With the help of a McKnight Foundation grant this year, the city of Duluth turned Canal Park into a laboratory, where it tested out several ideas to make this already-popular tourist destination even more of a draw for out-of-towners and locals, alike.

But the experiment called "Imagine Canal Park" drew very mixed reviews, as revealed by a recently released report. An experiment that rerouted traffic on South Lake Avenue received the coldest reception, with 77 percent of survey respondents rating the temporary setup unfavorably. Meanwhile, a winter celebration called Cold Front February proved overwhelmingly popular, with 98 percent of respondents giving it a thumbs-up.

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In regard to the Cold Front celebration and the popular winter programming and activities it offered, Adam Fulton, manager of the city planning division said: "It was clear that we want to do it again."

"When we start any of these pilot actions, we're not sure exactly how they'll go, obviously. But we had an almost uniformly positive reaction to having this type of an event," he said.

City Planner Emilie Voight said the city will look to recreate an ice trail that ran alongside the Lakewalk in Canal Park, but those plans will be placed on hold this year until the storm-damaged path is repaired.

"We had a system for counting the people who went by on the (ice) trail, and the numbers were very high, and people continued to use it even after it was no longer officially being maintained by park maintenance," she said. As a result, the city will look to perhaps operate a similar ice path on a winter-long basis in the future.

Although the city encountered challenges, when it attempted to reroute traffic along South Lake Avenue, portions of the experiment were valuable in the view of Keith Hamre, Duluth's planning and business development director.

"We did find out that the idea of three lanes on Lake Avenue to keep traffic moving - so that we didn't have a parking lot effect when the bridge was up - actually worked, and it worked fairly well," he said.

"But it became more challenging for pedestrians along Lake Avenue, because people tended to drive a little faster. The sight lines were better, so they didn't feel like they had to go as slow, and pedestrians felt a little more unsafe," Hamre said.

One of the recommendations in the report was to reduce the speed limit in Canal Park to 20 mph.

The city also experimented with temporarily blocking off traffic on Buchanan Street and turning it into a pedestrian plaza with seating, entertainment and activities. But 62 percent of people surveyed took a negative view of the change.

Nevertheless, Hamre said the city is looking at repeating the experiment periodically to host intentional programming on Buchanan, such as closing the street at 4 p.m. Fridays so it could become a pedestrian plaza for the evening.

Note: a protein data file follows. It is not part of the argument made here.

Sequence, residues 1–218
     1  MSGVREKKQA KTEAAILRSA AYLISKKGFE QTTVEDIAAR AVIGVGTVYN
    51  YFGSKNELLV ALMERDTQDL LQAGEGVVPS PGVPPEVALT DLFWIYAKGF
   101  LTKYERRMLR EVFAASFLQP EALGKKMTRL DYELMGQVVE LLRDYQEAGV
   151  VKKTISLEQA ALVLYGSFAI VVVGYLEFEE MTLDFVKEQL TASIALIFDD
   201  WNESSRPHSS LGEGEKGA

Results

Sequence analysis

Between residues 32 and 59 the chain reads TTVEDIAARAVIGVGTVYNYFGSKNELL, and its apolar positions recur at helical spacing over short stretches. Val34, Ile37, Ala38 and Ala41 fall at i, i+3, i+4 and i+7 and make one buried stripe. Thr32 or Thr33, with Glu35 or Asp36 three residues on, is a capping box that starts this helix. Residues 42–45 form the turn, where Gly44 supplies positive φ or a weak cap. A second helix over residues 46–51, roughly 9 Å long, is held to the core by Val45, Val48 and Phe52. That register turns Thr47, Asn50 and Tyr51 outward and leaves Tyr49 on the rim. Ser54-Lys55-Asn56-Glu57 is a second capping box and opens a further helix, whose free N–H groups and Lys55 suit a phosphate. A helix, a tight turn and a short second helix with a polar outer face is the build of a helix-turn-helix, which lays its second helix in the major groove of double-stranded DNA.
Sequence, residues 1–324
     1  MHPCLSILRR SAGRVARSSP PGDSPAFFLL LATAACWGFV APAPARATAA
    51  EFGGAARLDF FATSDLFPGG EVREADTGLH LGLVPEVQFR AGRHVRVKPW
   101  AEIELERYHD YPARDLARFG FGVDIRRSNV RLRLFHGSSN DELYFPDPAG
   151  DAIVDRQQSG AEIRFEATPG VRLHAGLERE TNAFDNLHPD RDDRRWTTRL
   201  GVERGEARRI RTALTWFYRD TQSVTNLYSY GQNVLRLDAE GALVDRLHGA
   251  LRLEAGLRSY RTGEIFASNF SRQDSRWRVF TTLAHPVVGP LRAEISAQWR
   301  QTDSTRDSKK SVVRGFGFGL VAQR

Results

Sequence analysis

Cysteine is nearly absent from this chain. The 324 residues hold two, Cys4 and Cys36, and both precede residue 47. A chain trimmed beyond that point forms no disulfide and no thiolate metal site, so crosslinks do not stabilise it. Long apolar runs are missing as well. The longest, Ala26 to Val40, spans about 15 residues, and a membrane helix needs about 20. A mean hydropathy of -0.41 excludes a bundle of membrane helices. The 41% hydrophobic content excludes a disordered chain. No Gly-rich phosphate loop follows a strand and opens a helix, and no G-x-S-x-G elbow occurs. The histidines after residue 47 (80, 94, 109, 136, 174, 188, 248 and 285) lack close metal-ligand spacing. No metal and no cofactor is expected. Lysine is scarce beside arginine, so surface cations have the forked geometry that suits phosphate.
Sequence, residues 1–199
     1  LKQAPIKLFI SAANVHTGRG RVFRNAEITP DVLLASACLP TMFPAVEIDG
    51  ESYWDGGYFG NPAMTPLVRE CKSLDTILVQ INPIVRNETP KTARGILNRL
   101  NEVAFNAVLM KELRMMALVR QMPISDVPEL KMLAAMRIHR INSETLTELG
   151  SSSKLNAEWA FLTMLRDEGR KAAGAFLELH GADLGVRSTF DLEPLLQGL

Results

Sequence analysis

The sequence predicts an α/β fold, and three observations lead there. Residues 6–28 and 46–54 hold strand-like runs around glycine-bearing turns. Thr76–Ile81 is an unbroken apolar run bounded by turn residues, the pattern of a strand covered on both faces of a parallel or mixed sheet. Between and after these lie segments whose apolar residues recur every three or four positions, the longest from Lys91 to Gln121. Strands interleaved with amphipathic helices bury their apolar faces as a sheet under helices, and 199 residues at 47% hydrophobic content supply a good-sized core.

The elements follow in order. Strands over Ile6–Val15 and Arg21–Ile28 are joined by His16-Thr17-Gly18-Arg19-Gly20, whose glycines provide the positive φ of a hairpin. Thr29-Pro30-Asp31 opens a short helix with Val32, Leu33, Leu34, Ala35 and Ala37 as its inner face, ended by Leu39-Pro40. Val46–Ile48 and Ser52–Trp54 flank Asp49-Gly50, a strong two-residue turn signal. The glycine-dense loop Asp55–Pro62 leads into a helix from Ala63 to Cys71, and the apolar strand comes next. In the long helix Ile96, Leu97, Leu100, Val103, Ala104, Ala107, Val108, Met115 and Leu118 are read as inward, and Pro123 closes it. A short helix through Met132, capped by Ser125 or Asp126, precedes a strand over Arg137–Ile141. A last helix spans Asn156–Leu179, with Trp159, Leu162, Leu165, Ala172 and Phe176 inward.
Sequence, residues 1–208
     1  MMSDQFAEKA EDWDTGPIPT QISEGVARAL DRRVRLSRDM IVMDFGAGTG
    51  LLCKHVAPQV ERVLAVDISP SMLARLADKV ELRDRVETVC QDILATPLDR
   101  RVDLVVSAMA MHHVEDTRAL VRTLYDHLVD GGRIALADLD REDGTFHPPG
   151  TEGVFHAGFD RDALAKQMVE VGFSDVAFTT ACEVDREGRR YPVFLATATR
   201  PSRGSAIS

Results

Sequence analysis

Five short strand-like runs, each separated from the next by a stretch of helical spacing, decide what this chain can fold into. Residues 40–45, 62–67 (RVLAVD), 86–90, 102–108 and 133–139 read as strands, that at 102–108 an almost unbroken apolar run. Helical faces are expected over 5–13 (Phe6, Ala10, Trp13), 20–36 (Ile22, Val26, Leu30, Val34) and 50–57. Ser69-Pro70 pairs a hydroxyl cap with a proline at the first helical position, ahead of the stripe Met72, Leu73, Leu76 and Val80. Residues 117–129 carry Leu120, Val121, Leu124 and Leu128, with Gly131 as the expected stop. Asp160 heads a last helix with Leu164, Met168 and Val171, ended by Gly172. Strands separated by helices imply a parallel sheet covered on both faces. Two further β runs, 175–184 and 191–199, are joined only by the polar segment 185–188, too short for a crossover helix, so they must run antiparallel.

The city could use hydraulic bollards, rolling planters or gates to temporarily close the street to motorized traffic.

"We know we've got people down there in the summer, and we know people have a hunger for doing things down there beyond what's currently available," Fulton said.

Street musicians were welcomed into Canal Park this summer as part of the initiative, and Hamre said they were well received.

In light of the experience, Fulton suggested Duluth may want to revisit policies that currently make it difficult for buskers to perform.

To relieve some of the traffic pressure on the area, the city offered a free service shuttling people from downtown to Canal Park on buses fashioned to look like trolleys.

The Duluth Transit Authority reported that the passengers who used the free Port Town Trolley service were split about half-and-half between tourists and locals.

Hamre said the service was well received. So much so, that the city has allocated $55,000 in tourism taxes to continue offering free rides next year.

However, Hamre noted that routing the service could be a challenge in 2019, as reconstruction of Superior Street continues.

Voight said wayfinding signs that helped visitors navigate their way through Canal Park also drew praise, enough so that the city will look to expand on that initiative in the future, as well.

Fulton said the city received some complaints about its Imagine Canal Park effort, particularly the loss of parking, but he still considers the exercise a success.

Hamre said: "This is going to provide us with a base of information to engage with the stakeholders in the Canal Park area and also to talk with residents on Park Point about what some of the reinvestment plans there should look like."